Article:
Why An African History Month

Why, An African History Month?

The motherland's histories are complex with over 2000 cultures, constituting, different languages, traditions and customs and they all have their own stories to tell. It would be mutually beneficial to have our history to be accessible in one historical umbrella. Each month would address a different topic. This will plant the seeds of knowledge to be harvest for the future generations. Most importantly, "African History Month" would serve as a catalyst to correct the gross misconceptions, omission and distortions of it's history.of African people globally.

The word African specifically relates to the indigenous people of the African continent and their descents in the Diaspora ( Caribbean , Americas , Arabia , etc). The race-nationality model such as that currently employed by African-American, African-Brazilian and African-Caribbean communities more accurately describes the identity whilst fully articulating the history and geopolitical reality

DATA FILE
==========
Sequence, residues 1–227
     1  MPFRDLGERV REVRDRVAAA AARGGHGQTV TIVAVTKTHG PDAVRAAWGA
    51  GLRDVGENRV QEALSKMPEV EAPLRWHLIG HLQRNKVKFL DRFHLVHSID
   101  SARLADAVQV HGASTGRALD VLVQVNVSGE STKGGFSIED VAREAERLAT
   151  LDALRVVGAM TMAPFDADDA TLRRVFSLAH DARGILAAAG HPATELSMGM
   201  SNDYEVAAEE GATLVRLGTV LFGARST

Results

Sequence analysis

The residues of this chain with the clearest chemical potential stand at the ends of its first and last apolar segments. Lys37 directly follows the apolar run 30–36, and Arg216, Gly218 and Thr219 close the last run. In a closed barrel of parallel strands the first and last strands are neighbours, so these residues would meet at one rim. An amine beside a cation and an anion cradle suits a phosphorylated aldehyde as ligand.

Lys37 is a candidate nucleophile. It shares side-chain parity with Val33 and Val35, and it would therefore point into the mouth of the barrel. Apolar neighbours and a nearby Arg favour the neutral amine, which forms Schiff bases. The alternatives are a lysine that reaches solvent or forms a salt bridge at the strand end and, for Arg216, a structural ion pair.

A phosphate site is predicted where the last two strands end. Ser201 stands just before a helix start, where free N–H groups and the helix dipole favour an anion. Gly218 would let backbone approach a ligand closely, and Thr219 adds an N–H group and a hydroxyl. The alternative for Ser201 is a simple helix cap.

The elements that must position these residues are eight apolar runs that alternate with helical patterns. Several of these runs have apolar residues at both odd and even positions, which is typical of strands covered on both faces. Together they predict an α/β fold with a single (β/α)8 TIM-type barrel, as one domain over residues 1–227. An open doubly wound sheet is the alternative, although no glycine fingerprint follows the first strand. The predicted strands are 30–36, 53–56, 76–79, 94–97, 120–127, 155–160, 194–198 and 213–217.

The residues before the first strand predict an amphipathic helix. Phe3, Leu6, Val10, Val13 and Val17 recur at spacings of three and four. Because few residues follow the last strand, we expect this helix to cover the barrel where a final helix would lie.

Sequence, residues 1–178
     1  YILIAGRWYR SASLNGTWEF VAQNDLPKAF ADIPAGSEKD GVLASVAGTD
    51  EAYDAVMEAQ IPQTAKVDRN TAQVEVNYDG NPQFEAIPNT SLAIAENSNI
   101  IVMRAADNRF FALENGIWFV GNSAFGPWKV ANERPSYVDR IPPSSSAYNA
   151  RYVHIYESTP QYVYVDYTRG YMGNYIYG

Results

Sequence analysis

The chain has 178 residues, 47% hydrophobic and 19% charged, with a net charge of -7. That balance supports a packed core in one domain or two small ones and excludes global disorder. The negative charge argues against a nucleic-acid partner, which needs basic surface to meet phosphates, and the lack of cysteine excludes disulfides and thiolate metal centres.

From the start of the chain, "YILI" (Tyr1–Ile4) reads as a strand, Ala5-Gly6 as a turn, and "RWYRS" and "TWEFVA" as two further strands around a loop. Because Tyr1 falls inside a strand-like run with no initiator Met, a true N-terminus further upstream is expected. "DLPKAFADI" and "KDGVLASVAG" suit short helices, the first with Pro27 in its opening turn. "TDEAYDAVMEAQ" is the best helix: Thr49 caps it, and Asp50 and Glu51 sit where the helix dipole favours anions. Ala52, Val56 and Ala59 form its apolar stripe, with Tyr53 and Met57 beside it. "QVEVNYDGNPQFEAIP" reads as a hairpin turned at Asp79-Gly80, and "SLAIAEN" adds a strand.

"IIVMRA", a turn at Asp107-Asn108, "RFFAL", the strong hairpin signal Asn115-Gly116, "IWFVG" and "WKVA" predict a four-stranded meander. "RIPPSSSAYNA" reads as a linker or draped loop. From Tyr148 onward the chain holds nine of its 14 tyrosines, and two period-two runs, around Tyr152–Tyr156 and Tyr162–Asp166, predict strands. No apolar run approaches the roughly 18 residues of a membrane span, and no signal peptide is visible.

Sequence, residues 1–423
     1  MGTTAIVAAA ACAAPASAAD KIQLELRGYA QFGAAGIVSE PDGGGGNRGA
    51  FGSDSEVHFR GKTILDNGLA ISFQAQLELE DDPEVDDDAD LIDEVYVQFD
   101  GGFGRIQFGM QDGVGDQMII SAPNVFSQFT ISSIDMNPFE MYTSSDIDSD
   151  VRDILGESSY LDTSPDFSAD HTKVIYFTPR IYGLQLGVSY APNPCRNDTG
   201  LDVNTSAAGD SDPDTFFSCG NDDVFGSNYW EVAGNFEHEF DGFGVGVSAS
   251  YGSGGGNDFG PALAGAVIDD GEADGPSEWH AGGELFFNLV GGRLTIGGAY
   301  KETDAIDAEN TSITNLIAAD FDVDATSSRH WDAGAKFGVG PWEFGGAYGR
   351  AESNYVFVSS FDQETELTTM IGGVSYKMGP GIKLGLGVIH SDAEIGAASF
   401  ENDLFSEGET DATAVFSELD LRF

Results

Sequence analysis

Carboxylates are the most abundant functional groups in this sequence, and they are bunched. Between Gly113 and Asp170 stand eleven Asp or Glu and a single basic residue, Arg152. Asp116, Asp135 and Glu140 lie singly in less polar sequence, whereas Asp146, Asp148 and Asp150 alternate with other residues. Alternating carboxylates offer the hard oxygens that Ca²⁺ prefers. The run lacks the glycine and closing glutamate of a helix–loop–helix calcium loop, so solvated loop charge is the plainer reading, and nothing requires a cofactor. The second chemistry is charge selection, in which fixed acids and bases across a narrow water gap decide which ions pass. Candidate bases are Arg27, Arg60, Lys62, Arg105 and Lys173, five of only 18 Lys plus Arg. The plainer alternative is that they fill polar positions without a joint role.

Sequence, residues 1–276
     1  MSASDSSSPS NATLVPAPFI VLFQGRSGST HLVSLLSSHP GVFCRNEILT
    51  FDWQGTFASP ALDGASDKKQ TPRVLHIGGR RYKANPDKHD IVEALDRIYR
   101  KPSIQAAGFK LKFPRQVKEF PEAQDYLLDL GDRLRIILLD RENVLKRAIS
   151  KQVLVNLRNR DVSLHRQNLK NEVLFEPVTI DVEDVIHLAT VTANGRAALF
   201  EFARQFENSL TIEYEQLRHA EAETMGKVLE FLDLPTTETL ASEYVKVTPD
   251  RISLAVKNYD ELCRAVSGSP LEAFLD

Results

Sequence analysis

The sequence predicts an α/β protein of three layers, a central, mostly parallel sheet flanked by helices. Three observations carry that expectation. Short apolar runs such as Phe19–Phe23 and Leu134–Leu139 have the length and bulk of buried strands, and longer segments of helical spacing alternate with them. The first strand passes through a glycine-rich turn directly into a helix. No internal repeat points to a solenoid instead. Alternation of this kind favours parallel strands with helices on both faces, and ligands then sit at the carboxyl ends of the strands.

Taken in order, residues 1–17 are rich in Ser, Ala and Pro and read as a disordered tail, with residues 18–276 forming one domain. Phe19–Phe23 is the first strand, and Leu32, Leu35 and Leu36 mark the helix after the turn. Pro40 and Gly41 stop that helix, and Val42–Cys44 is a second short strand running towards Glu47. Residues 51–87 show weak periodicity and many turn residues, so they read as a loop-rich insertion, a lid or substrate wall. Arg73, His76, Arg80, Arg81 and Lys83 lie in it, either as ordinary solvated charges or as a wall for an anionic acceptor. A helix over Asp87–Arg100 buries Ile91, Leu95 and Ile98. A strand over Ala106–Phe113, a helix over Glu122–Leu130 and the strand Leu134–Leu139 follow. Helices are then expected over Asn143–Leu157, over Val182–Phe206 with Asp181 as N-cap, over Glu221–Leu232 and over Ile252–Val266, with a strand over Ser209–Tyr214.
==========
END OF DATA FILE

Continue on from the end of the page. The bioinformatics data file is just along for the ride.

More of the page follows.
The miscellaneous usage of the label 'Black' within this site reflects its contemporary use as a means to denote a specific
sociocultural and political context. It is recognized as a colloquial term that was fashioned as a reactionary concept to derogatory racial epithets in the 1960's. It is offensive when used as a racial classification code word to denote African people. Other such denigrating terminology when made in reference to African culture, heritage or identity are 'Tribe', 'Sub-Saharan Africa', or 'black Africa '.


Tuesday, October 22, 2013

Ngwenya Mines

Ngwenya Mine is situated on the north-western border of Swaziland. Its iron ore deposits constitute one of the oldest geological formations in the world, and also have the distinction of being the site of the world's earliest mining activity.
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Tuesday, October 15, 2013

Archaeology: Lucy, World's Oldest, Returns to Ethiopia

Welcome home Lucy' read the banners adorning the National Museum of Ethiopia in Addis Ababa, where the 3.2m-year-old skeleton of an early human ancestor, Australopithecus afarensis, was on display at the beginning of May.

Lucy, or Dinknesh (meaning 'you are amazing' in Amharic), had returned from a five-year tour of the United States.

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Sunday, October 6, 2013

The "Moors" of Europe

Variants of the term "Moor" have been used by Europeans since ancient times as a general description for indigenous Africans. Contrary to popular belief, the term is not synonymous with any specific African or Arab civilization, ethnicity or religion.

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